by Diane Glancy
Mid July, Texas
In the corner of the pasture
in the shade of the tree
the horse waits by his bowl.
It was 105° in the afternoon.
By early evening, it still must be 100°.
The horse has rolled in the dust.
His coat spotted with dirt from the field
where he walks all day eating stubbles of dry grass.
The cicadas drone their noise to summer
scraping legs together as if to get rid of the heat.
The birds flock to their water bowl I set by the house.
In the storage shed I ladle sweet feed
into a bucket I carry to the horse.
He waits in the corner of the pasture grumbling.
He is tired of the flies that surround him.
He is tired of the heat.
I tell him I will pray to the God of temperatures
who is busy overseeing matters of upheaval, war and civil unrest.
He may have neglected coolant.
He may say he is not responsible.
Whatever I ask
I know his reasons remain his own.
Two Spirals on the Canyon Wall
Often it was about the sea. The merfolk and other mashups that swim for those
on ships to look down in the water upon. The aberrations that don’t belong. Of
different parts stitched together. Columbus saw them on his voyage. Shakespeare
in his imagination. Pliny the Elder who knows where he was. Sand crabs surely
would eat them. Maybe octopi. The mermaids fled the Spanish Conquistadors.
They left stories of geezer waves that washed onshore and left them stranded.
The battering winds blowing birds from cottonwoods and mesquite. The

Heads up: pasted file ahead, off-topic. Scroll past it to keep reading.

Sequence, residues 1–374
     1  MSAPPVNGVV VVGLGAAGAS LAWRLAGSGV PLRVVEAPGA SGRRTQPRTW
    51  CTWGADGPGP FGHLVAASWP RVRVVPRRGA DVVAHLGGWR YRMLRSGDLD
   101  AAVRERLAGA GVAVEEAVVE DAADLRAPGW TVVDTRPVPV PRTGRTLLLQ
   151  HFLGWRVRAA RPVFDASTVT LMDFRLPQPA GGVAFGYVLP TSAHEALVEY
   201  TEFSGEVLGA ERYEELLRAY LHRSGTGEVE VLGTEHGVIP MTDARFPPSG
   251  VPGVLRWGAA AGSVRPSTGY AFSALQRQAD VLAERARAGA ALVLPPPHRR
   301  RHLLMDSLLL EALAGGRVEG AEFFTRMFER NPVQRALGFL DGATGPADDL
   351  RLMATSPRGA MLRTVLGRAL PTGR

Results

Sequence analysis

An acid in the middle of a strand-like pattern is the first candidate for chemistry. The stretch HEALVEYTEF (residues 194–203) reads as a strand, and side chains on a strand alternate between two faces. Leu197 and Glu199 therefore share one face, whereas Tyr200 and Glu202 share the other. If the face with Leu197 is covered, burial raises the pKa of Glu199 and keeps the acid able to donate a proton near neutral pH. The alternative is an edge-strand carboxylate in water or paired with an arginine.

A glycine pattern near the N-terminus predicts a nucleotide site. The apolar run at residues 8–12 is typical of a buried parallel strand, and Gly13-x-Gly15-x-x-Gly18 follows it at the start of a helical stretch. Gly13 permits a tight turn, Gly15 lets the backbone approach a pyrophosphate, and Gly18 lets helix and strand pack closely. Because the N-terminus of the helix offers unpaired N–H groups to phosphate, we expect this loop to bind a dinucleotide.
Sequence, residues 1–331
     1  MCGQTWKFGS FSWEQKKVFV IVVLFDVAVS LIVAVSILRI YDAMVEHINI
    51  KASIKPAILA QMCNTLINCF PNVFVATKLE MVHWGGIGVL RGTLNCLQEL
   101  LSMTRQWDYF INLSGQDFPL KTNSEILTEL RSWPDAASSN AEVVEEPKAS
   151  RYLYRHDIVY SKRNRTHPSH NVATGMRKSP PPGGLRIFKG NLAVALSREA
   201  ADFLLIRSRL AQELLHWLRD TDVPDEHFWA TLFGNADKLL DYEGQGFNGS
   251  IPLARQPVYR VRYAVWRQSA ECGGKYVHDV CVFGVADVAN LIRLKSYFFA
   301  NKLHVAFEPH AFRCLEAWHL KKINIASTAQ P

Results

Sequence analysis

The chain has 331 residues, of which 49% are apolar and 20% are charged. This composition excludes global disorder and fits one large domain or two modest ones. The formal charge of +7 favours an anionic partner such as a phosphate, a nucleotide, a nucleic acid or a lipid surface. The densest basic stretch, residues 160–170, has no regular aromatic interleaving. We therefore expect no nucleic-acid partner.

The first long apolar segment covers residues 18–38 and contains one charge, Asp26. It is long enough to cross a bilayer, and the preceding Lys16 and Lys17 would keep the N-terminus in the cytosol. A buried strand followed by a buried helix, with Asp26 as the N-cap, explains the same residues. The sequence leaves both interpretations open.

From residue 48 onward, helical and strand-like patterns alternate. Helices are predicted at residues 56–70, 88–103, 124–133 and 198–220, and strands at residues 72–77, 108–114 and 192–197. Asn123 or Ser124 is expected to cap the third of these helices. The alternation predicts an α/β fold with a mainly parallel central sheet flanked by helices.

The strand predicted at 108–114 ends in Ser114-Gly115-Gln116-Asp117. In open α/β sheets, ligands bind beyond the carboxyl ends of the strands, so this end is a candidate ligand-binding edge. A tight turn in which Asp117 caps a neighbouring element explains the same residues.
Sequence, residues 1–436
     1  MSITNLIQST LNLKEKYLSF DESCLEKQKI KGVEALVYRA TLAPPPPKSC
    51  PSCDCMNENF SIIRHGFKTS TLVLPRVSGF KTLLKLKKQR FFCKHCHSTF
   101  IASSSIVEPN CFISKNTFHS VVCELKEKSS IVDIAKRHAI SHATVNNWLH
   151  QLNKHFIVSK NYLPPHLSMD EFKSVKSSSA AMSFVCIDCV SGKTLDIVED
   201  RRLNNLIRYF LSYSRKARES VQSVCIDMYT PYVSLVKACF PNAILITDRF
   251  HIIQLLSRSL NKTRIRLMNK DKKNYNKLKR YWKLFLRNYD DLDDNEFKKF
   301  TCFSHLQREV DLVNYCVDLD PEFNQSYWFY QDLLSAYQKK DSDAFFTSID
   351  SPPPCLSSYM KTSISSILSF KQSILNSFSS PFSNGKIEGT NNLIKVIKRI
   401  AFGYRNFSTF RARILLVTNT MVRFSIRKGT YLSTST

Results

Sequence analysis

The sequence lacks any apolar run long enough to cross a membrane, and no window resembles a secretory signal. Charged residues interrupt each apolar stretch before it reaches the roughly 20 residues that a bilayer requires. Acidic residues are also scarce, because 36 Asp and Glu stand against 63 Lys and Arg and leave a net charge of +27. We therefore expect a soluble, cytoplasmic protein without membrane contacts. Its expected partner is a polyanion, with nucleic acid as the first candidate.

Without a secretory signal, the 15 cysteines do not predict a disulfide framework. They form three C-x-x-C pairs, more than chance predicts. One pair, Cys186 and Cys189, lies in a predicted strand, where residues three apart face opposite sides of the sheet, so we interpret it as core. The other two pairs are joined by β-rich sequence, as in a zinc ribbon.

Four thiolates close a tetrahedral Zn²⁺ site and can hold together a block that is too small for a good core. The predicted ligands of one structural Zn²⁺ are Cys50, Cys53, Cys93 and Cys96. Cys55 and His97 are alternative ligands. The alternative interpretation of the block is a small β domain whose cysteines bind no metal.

mermaids and their side-mates. Little pieces of scales flicked off for wave-lines
on the water of the Gulf.
The tin roof of the shed.
The wind got into and rattled.
I heard in the distance.
Pine trees dropped their cones.
The sycamore and shagbark hickory their nuts.
The whirlwind spread the sky.
The sun flattened on the edge of the hills.
The heavens are fiercer than imagined.
In an old story the sun gave birth to birds with wings that raked the fields.
Out across the pasture the sound of a tractor.
The coils of dust.
I took the bicycle pump to the sun.
Inflated again in the sky.
If We Could but Lightly Travel
Wrangler jeans, chaps, pearl-snap shirt, kerchief, hat,
hat band, square-toed cowboy boots, spurs, socks.
Saddle. Saddle blanket. Stirrup. Cinch. Bridle. Rein.
Lasso. Unpaid bill at Ulysses Bit & Spur. Haybale.
Liniment. Truck. Horse trailer—
“In the first chariot were red horses; and in the second
chariot black horses; and in the third chariot white
horses; and in the fourth chariot grisled and bay horses”—
Zechariah 6:2-3 KJV—
Note: All four poems will appear in Psalm to Whom(e), forthcoming October 2023 from Turtle Point Press.
Diane Glancy is professor emerita at Macalester College. Her latest books are “Island of the Innocent, a Consideration of the Book of Job” and “A Line of Driftwood, the Ada Blackjack Story” published in 2020 and 2021. In 2022, she published “Home Is the Road, Wandering the Land, Shaping the Spirit.” In 2023 she edited an anthology, “Unpapered, Writers Consider Native American Identity and Cultural Belonging.” Glancy also has a chapter, “Outsider Indian,” in the forthcoming anthology from Routledge, “Decentered Playwriting.” Glancy lives in North Central Texas on land where many tribes camped, Apache, Comanche, Wichita, Waco, Kiowa. The migratory aspect of the land is evident in her writing. Her other books and awards are on her website, www.dianeglancy.com.